For Hachiya persimmons: Scoop pulp into a bowl.
Cut into 2-inchchunks. You should have 2 cups of fruit.
Both types: Mix fruit and sugar in a bowl and
let stand for 10 minutes,stirring occasionally. Meanwhile, mix pectin
and lemon juice; addto fruit and stir gently for three minutes (Vigorous
mixing trapsair bubbles and makes the jam cloudy.)
Sterilize ½ pint jars and lids. Fill to within ½ inchof the rim. Cover and let stand 12-16 hours at room temperature,the refrigerate or freeze.
Unopened jam can be stored for six months in the refrigerator; useopened jam within two weeks. Freeze to store longer.
From: Making and Using Dried Foods, by Phyllis Hobson
Five-Spice Roast Duck with
A perfect recipe for a fall feast. The two-day cooking process describedhere will render a crisp-skinned, succulent bird. Serve with a simplewild rice pilaf. Serves 4. Recipe can be halved, or scaled up.
2 whole ducklings, fresh or frozen
1 tablespoon Chinese five-spice powder
1 tablespoon sugar
1 teaspoon ground white pepper
1 tablespoon kosher salt
3 perfectly ripe Hachiya persimmons
The day before you plan to serve the duck: Preheat oven to 325
degrees.Rinse the duckling, and pat dry inside and out. Combine
the dryspices and lightly rub the duck, inside and out with the
spice mix.(You might not use all of it.) Set the ducks on a rack
in a roastingpan, along with the neck, and roast for 1 ½
to 2 hours, oruntil the flesh appears shrunken. If you press the
breast meat witha fingertip, a light mark remains. The meat will
feel soft; if itfeels bouncy, cook the duck longer. When done, remove
from the ovenand cool for 30 minutes in the pan. Pour any juices
out of the cavityinto the roasting pan. Loosely wrap the ducks and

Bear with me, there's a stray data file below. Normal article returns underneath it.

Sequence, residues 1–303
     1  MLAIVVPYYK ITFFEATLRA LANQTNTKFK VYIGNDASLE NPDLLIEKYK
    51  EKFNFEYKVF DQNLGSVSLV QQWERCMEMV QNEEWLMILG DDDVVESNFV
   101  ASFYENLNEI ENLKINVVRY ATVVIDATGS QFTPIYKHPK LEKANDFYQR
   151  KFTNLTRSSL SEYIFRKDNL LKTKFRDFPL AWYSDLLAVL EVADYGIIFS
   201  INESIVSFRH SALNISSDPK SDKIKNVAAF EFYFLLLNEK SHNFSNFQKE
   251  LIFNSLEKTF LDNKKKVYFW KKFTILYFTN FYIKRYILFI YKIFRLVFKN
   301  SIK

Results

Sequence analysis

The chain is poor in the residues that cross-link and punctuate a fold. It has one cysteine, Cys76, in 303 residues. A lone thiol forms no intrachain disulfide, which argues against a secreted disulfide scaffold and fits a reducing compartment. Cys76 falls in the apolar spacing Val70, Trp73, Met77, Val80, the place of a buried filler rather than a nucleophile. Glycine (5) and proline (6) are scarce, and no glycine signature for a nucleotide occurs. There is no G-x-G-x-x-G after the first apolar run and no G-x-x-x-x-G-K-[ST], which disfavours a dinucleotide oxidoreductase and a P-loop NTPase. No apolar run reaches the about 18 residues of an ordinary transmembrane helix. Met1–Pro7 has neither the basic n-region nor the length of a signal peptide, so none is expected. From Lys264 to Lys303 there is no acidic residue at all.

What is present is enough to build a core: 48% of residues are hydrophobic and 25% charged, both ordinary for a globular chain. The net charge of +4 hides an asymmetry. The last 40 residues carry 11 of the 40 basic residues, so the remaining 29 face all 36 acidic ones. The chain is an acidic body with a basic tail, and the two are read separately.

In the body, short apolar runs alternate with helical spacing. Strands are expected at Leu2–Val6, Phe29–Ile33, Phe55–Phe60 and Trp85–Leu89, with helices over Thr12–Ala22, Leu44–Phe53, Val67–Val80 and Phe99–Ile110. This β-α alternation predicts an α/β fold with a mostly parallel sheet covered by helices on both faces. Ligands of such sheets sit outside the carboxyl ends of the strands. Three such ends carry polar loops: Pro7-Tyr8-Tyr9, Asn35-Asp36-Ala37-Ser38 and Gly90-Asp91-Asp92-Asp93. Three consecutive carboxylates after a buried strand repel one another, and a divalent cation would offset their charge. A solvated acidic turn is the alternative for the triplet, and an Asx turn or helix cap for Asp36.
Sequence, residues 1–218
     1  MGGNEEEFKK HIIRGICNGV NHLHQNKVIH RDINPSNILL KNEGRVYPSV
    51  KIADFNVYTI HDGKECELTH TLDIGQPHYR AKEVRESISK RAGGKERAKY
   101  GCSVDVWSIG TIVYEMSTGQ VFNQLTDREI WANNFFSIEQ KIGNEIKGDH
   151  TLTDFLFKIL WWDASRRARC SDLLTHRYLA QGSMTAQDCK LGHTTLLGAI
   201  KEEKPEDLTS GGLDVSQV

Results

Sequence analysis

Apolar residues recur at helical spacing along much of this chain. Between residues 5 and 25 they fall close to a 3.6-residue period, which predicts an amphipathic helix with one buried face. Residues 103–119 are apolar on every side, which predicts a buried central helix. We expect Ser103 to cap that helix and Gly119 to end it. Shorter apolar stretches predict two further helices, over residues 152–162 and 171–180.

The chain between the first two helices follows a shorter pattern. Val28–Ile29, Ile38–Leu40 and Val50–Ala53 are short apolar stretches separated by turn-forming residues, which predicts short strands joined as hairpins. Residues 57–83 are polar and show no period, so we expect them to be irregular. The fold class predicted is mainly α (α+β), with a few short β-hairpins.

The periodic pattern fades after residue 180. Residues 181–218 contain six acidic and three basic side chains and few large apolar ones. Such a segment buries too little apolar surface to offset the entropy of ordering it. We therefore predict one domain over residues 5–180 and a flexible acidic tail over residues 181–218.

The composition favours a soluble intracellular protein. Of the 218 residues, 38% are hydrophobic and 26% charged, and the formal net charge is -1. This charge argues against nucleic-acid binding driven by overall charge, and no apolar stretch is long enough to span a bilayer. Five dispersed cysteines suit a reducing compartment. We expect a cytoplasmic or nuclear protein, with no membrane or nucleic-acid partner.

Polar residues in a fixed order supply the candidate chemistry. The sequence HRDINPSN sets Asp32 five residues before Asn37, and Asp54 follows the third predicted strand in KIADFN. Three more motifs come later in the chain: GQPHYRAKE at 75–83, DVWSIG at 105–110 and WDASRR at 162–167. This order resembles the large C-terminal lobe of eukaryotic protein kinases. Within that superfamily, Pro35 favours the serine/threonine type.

Pour off the pan juices into a gravy separator. Reserve the brownjuices from the bottom. (The fat can be used to roast potatoes ormake preserved duck, or discarded.) Pour a little hot water intothe roasting pan, return to the stove top and boil while you scrapeup all of the brown bits cooked on to the bottom. Add these deglazedjuices to the reserved brown juice from the separator. Add enoughwater, if necessary, to make ¾ cup of duck stock.
The next day, preheat oven to 400 degrees. Use a sharp boning knifeto remove the breast meat and skin from the ducks. Remove each legin one piece, cutting high and around the back of the duck, andtaking care to keep as much skin on the thigh as possible. Set theduck pieces, skin side up, in shallow roasting pans or sautépans, with room between the pieces. Add about an eighth of an inchof the reserved duck stock to the pan. Bring to the boil on topof the stove, and pop them into the oven. Roast the duck until theskin is crisp and the meat is heated through, about 15 minutes (youmay need to turn on the broiler for the final crisping, but keepthe duck well below the element.)
While the duck is roasting, cut the top off the persimmons and scoopthe pulp into a food mill, or a sturdy wire sieve set over a bowl.Puree the persimmons. If there is still a touch of astringency,add a couple of drops of fresh lemon juice and a touch of sugar.Strain and reheat remaining pan juices.
When the duck is crisp, let rest five minutes out of the oven, inthe pan. Serve
each person a breast and leg with pan juices drizzledover, and a
dollop of the persimmon puree on the side.